I’d be spoiling things if I went into the events that lead up to the finale but the final battle in the last episode actually isn’t as satisfying as it should have been since the final part of the story is the best part of the series. Still, having watched past DVDs of the series, I thoroughly enjoyed this “improved” version of the series. The third disc on the set includes a bonus feature that compares the anime with the manga version and we can see that this series retained many of the scenes faithfully. There are many notable changes that go beyond the change in Sho’s hair color but overall the feel of the manga is present. Even the dismemberments and gore are found in this series.
Another difference is that the voice work has been updated with the voice talents of some excellent voice actors. The problem, however, is that the voices come off as distant at times or sound as if they’re speaking in a tunnel at other times. This isn’t often the case, thankfully, seeing as this series does have an excellent score. The four discs contain good audio commentary as well that’s actually insightful and fun to hear. The animation is a bit on the rough side sometimes but it does look good in motion and the action sequences are great.
Overall, Guyver: The Complete Series box set is just what a boosted fan has been waiting for since the last DVDs failed to do justice to the series. It’s a neat package with a lots of goodies that should satisfy Guyver fans and the presentation is good enough to make this the absolute complete box set you will want to have if you love the material presented here.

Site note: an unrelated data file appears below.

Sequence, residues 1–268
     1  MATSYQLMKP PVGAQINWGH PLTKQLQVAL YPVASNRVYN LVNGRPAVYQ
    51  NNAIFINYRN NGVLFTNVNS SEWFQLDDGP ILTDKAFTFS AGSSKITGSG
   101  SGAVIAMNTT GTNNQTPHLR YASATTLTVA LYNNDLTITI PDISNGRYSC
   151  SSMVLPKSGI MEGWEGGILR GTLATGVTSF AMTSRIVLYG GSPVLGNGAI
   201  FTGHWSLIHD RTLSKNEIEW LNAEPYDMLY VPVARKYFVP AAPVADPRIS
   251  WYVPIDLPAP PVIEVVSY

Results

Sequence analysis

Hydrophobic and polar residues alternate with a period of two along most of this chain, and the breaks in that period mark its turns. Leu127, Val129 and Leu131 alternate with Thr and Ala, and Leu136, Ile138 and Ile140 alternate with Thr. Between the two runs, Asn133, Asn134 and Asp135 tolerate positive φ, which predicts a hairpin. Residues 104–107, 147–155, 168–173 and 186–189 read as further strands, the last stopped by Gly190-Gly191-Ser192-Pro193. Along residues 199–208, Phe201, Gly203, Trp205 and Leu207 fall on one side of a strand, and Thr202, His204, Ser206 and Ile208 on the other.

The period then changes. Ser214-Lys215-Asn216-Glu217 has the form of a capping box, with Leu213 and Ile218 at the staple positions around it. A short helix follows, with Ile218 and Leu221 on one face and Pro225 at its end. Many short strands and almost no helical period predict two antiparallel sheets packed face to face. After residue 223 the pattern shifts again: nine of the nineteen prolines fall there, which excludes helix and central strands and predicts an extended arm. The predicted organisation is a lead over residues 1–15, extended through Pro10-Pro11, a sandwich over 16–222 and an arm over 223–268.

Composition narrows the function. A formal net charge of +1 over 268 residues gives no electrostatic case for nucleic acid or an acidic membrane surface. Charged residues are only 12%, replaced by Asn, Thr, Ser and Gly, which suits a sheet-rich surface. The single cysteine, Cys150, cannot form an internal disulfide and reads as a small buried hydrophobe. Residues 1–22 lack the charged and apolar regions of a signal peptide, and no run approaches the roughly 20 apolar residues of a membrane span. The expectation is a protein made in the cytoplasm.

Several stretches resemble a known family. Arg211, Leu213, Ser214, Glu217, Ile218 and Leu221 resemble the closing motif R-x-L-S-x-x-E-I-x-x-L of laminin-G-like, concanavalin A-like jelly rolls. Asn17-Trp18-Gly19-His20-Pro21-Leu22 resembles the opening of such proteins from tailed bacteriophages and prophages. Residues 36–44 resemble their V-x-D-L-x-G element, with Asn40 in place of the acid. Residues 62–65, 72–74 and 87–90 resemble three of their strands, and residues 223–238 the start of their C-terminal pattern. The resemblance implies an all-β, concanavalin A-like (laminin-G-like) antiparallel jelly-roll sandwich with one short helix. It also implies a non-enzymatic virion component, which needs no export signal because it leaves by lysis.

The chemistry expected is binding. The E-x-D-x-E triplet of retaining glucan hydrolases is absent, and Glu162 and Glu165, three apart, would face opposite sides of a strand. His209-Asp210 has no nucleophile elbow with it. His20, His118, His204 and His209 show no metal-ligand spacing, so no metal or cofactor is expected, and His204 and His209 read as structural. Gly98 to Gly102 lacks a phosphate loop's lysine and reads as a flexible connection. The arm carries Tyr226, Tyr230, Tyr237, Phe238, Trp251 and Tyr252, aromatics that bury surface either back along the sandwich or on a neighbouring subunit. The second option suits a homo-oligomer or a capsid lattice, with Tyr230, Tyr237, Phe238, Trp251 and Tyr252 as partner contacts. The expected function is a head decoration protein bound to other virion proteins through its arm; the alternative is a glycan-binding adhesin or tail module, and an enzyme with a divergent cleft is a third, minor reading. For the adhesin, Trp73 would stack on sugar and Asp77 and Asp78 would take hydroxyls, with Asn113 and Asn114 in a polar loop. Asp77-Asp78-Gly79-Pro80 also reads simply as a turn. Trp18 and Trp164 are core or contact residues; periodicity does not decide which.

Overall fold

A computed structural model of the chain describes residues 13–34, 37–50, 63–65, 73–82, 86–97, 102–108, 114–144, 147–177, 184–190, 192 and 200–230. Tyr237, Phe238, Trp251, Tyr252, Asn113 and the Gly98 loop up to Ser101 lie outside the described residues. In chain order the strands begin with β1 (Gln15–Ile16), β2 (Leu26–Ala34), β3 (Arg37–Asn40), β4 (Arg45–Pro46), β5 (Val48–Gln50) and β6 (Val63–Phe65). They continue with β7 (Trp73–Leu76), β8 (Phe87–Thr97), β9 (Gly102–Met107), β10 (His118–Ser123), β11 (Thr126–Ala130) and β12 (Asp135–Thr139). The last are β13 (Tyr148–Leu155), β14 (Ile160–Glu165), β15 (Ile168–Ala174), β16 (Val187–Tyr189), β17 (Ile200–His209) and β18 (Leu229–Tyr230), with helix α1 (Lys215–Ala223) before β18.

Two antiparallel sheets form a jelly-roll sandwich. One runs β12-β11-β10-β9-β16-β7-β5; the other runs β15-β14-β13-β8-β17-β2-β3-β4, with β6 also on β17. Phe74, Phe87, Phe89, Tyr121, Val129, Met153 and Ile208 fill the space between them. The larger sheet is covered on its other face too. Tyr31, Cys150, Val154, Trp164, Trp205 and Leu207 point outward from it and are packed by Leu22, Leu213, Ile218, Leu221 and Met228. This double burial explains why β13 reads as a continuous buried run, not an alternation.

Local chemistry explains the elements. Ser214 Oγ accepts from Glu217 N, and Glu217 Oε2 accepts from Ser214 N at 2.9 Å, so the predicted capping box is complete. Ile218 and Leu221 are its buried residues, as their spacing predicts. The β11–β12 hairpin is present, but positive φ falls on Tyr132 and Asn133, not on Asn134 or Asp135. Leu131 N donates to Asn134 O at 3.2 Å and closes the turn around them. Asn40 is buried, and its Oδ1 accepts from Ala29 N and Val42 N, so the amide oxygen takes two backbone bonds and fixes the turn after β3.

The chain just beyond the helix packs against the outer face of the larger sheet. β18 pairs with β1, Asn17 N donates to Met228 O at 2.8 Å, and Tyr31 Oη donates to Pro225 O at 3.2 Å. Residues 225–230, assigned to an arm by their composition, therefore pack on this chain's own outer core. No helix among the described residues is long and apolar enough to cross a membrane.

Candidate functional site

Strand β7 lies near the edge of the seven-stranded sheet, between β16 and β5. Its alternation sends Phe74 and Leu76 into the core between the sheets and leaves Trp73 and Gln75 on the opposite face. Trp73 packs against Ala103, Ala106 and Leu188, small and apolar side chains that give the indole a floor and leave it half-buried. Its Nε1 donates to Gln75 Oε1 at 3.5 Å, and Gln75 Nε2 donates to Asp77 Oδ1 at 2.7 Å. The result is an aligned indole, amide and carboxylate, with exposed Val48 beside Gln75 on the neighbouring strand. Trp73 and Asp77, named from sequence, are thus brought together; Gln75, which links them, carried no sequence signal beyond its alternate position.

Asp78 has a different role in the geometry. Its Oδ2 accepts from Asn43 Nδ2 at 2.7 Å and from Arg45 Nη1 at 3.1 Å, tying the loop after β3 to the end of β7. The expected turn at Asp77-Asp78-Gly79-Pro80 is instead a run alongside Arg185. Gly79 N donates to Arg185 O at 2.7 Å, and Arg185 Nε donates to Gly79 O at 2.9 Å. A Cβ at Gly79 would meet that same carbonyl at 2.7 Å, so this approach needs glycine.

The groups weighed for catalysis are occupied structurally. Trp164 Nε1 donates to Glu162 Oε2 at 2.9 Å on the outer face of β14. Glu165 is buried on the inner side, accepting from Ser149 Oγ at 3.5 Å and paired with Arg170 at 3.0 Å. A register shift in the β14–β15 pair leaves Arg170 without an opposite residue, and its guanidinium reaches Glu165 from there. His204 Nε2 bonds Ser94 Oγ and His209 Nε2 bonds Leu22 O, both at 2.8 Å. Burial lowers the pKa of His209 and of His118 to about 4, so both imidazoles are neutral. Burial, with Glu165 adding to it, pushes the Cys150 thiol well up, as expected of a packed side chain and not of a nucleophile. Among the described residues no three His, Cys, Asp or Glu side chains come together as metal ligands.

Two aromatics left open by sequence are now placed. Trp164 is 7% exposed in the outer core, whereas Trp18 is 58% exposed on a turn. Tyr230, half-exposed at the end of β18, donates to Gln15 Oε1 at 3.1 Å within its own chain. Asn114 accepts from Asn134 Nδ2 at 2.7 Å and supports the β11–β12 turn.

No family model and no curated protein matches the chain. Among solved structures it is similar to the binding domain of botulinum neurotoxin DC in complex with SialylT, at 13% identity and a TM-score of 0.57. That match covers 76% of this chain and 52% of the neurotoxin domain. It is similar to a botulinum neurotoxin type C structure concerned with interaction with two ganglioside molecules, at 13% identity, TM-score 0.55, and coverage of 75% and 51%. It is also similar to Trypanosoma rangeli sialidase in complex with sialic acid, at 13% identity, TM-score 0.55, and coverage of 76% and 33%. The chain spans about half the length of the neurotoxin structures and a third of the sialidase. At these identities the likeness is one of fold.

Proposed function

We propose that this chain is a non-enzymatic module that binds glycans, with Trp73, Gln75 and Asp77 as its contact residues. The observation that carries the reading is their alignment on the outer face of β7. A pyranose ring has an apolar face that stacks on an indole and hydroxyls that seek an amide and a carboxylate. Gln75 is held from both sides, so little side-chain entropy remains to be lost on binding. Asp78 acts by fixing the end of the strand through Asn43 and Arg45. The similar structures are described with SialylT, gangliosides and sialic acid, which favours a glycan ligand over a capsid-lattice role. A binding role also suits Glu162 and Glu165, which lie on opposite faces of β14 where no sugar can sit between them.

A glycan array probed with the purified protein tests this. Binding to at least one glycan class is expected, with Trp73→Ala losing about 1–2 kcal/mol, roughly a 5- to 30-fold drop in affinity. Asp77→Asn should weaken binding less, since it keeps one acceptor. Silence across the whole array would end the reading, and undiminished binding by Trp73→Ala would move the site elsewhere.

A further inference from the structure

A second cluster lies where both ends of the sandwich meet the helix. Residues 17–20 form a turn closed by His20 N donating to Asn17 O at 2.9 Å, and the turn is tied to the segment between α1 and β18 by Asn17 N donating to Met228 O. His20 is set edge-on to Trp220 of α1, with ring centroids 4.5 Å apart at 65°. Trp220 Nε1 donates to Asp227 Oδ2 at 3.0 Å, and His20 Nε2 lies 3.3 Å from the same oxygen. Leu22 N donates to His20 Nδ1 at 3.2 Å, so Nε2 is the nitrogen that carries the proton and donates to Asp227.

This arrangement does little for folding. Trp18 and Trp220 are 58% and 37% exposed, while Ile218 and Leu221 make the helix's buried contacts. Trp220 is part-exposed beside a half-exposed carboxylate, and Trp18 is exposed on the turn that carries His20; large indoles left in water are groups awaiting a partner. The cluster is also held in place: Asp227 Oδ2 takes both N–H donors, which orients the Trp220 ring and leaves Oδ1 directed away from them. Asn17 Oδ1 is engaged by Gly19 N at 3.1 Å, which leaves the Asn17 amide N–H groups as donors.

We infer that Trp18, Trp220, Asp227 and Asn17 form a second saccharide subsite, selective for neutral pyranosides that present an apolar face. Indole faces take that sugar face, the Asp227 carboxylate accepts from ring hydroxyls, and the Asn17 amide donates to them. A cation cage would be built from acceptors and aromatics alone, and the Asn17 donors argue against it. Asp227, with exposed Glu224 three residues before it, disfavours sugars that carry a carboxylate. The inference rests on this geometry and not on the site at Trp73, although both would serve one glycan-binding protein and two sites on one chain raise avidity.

DVD REVIEW BREAKDOWN
It’s boy versus a big evil corporation and while it starts getting a wee bit repetitive when it comes to the battles in the earlier episodes, it picks up the pace nicely later. This Sho is so much cooler than the manga version of the character and it’s good to see the gore hasn’t been cut.
VIDEO QUALITY: A
Visually, the animation still holds up nicely and it’s great to see that the transfer is far better than past releases. As I mentioned, this is a gory series but it’s never done to make the series seem cooler.
AUDIO QUALITY: C-
I don’t think there’s one Guyver fan out there that really appreciated the English dub that just doesn’t do the characters justice. The score is actually gorgeous throughout and despite the fact that the sound effects drown out the voices, it‘s handled with much detail. Plus, I still can’t get the horrible “Cotton Candy” end theme out of my head.
The four main discs come with audio commentary for key episodes and they’re actually insightful and fun to listen to while watching the episodes. The third disc is dedicated to the extras including production art, clean versions of the opening and closing theme songs and trailers. The highlight of the third disc, however, are the plentiful manga-to-anime comparisons that show that the series didn’t stray too far from the manga.
This is – bar none – the best complete version of the Guyver series and an overall great package fans of the series have been hoping for since its introduction long ago. While the story still holds up despite some dated themes, part of what made Guyver fun to watch (and inspire a number of similar shows like Power Rangers) was the fact that it’s good fun that never takes itself seriously.